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Brainstorm: Do You Suffer From an I Infection?
How do you feel when you have a brainstorm?
Something you never thought of before suddenly becomes clear and powerful and takes over your consciousness. And if the idea is huge, it becomes all you can think about.
Ironically, this big, big, big brainstorm can often be something tiny, a simple tweak of something tried, true, and already taken for granted.
If you have had this experience, you know what happened to me on Friday.
Let me tell you about it:
I was sitting in my monthly networking meeting. Our first activity is to introduce ourselves. We go around the giant conference table, and all 45 members present themselves one by one.
They say their name, “Good morning. I’m Joe Blow and…” They then list almost everything they do or have done or will do in their lives. But unfortunately, most of these autobiographies suffer from what my good friend Dave Bricker calls “an I infection.”
“First, I did this; then I did that. I serve on this board and I serve on that committee, and I wrote this book and I won this award and I got that honor. I live here and there; I’m doing this and that…”
As Dave says, “an I infection.”
This flies in the face of my profound belief in the All About Them strategy I wrote about in the book of the same name.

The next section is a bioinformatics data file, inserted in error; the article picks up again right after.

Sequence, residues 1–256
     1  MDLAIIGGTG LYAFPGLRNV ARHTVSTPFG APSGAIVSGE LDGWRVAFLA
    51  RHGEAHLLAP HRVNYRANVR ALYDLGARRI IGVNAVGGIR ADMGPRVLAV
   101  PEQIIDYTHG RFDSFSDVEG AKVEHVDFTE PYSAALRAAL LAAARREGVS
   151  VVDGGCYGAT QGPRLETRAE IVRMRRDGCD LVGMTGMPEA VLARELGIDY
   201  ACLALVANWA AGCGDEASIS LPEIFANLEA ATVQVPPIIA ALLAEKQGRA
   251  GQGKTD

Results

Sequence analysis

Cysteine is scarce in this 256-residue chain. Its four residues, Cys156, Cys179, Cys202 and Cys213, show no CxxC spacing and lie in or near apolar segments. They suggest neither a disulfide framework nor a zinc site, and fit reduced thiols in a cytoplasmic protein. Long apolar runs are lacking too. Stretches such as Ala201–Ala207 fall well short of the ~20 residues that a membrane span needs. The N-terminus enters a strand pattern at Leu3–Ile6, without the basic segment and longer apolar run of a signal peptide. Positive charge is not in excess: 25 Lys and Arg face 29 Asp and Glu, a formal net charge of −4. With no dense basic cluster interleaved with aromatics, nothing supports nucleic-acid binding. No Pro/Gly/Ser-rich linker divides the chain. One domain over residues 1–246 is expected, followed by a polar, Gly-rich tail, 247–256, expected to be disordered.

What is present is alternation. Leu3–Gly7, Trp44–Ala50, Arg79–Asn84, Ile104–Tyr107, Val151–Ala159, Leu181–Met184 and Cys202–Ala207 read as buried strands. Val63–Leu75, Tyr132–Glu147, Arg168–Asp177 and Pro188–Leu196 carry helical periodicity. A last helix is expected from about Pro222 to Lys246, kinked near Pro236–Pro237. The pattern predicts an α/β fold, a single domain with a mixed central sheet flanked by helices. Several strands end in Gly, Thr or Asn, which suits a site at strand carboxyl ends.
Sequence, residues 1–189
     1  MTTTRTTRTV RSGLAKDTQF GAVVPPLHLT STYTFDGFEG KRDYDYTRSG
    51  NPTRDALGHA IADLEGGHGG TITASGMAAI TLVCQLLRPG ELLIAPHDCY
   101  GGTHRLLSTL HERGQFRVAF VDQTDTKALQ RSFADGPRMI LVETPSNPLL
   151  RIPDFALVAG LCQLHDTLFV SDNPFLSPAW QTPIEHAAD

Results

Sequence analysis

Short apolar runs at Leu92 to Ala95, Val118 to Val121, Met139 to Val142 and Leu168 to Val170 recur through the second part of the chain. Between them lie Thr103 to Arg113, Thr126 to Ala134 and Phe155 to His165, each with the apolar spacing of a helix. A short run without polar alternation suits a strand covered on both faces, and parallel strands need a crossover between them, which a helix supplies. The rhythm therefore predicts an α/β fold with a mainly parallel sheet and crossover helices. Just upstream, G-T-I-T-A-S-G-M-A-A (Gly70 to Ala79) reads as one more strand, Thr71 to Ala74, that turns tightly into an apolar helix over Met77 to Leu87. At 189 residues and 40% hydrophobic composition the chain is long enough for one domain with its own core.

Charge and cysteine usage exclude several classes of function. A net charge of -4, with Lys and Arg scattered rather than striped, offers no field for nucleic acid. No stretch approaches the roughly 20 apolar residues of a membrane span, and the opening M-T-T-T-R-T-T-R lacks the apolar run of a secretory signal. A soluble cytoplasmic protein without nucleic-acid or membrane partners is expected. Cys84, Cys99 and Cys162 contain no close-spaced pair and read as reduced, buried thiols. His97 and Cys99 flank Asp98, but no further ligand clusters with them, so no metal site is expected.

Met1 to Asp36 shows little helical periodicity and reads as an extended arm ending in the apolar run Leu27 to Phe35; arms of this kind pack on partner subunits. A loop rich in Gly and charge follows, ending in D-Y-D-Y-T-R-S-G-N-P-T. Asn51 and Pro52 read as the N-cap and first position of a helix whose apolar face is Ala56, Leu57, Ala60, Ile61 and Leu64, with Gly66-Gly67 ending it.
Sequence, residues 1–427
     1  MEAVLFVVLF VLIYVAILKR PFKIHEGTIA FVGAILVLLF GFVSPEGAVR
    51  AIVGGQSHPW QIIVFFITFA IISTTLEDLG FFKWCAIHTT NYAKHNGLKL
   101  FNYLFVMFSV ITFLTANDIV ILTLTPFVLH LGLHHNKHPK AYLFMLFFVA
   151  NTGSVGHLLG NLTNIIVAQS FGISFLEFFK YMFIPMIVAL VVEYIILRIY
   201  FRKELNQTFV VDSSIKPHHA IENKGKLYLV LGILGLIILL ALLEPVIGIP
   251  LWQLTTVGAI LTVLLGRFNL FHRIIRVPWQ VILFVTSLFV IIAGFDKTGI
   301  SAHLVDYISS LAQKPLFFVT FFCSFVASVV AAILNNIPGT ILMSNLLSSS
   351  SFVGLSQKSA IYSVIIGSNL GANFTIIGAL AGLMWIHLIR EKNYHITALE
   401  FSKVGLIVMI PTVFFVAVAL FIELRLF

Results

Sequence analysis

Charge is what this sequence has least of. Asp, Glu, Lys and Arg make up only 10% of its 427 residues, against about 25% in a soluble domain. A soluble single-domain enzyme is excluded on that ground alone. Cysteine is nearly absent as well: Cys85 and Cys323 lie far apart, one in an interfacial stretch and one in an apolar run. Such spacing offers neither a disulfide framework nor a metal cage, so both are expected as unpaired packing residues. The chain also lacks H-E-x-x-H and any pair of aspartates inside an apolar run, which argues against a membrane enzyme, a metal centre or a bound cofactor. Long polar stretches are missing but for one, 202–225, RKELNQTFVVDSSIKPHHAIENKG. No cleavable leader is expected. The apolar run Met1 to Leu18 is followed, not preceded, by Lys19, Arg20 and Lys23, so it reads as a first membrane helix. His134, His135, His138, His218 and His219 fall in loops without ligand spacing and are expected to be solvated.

But THAT wasn’t the inspiration for my epiphany or for this post. Instead, the ground-shifting learning was elementary.
Simple. But not simplistic.
Here’s what happens when someone introduces themselves: They stand up, state their name, do their introduction, list their accolades, and then sit down.
Here’s what you hear: “My name is blah blah blah, and I founded blah blah blah. I managed it, and then I sold it, and I started blah blah blah. Since then, I’ve invested in blah blah blah and blah blah blah blah blah blah …”
Not very interesting, right?
But what would happen if one of those blah blah blahs did catch your interest? What if they said something that you want to follow up on? Sadly, you don’t remember their name because they said it before you cared. Worse, they don’t repeat it when they finish their presentation. So, unless you can find them after the event, you may have no way to follow up.
But what if they made one little bitty change to their presentation?
What if they made their introduction and THEN they said their name?
That way, if you had heard something you wanted to follow up on, you’d listen to their name when you cared to know what it was. And then you’d know with whom you needed to follow up.
When this thought crossed my mind, my head almost exploded. I’ve been sitting in meetings for nearly 40 years, and as far as I can remember, I’ve never heard this happen. Never. Not once.
How is that possible?
Lucky for me, I was the last in line to present myself. That meant I could try out my new theory on the spot.
It was weird to start without saying, “Hi, I’m Bruce Turkel.” But the only one who seemed to notice was me. And then, after I finished my 20-second talk on how I could improve their businesses, I ended with, “I create messaging strategies and build brands for great companies and dynamic entrepreneurs. My name is Bruce Turkel.”
(cue Mic drop).